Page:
On Exchange, that's hardly the case. Just the act of migrating a relatively small mailstore from old to new can take hours and hours. One recent Exchange migration had the GUI progress meter for the Move Mailbox operation run to 100 percent for the mail migration within 5 minutes, which was puzzling. A few checks showed that the migration was nowhere near 100 percent, but was still running. The progress meter then proceeded to have an epileptic fit of blocking and clock face jitters for the better part of six hours before the 15GB of mail was finally moved. For those scoring at home, that's roughly 4.5Mbit, or 600KBps -- and this was between two dual-CPU servers with gigabit interfaces and six-spindle RAID5 arrays.
If there's one thing I can't stand when doing dicey migrations, it's the fact that these long, overly onerous processes are a one-way trip. If at the end of that six hours there were problems with the migration, the only backout plan is to try to roll back to the original server, since the maintenance window is shot. Also, I intensely dislike it when progress bars lie to me right out of the gate. Limbo is not a comfortable place for an admin doing an overnight migration.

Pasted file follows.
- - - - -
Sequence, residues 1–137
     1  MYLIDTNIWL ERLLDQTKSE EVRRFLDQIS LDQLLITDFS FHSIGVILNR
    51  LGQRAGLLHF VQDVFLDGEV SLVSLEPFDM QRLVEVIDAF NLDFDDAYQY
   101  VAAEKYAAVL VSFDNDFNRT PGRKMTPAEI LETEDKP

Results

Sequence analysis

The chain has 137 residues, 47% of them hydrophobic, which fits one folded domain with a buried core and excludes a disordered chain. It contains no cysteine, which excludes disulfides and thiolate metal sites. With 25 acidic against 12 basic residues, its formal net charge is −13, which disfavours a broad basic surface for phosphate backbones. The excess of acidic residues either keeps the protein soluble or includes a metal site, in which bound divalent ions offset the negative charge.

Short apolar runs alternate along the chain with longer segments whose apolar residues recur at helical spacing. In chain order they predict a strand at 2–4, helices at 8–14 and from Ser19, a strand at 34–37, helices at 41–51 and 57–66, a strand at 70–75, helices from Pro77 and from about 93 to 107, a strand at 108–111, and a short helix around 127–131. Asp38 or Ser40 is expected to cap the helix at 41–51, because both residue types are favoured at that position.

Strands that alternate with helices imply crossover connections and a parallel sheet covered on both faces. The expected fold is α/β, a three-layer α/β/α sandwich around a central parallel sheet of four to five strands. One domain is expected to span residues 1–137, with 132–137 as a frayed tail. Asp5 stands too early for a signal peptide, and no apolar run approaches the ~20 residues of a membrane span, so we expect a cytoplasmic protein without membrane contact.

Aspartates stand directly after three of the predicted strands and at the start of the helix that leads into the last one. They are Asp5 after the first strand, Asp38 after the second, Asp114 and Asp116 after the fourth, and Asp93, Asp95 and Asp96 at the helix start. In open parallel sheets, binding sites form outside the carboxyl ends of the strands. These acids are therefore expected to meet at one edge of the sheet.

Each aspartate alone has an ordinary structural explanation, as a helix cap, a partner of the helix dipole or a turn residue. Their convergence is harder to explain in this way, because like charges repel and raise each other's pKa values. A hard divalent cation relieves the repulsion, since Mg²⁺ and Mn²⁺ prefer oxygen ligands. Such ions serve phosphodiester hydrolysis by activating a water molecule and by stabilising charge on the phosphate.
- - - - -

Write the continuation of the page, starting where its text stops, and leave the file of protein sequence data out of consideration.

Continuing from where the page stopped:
It's also not lost on me that many Exchange implementations don't deal directly with the Internet -- there's generally a mail relay filtering e-mail before it ever gets to Exchange. Personally, I would never install Exchange as a front-end MTA. I prefer using a Linux prophylactic running Sendmail, MIMEDefang, and a virus scanner.
But without Exchange, we wouldn't have Outlook, and without Outlook, I imagine people would simply wither at their desks, completely confused as to where their meeting was located and who was in it. It's true that most organizations need the features provided by Exchange, and while there are open source products that provide those features, they're not as streamlined and integrated as the Exchange/Outlook combination. I've often thought that if a company wanted to make serious inroads on Microsoft's grasp of the business world, that's where to start.
If you build a better mailserver, they will come. Maybe that's why the grandaddy of all mailservers is still the most widely used.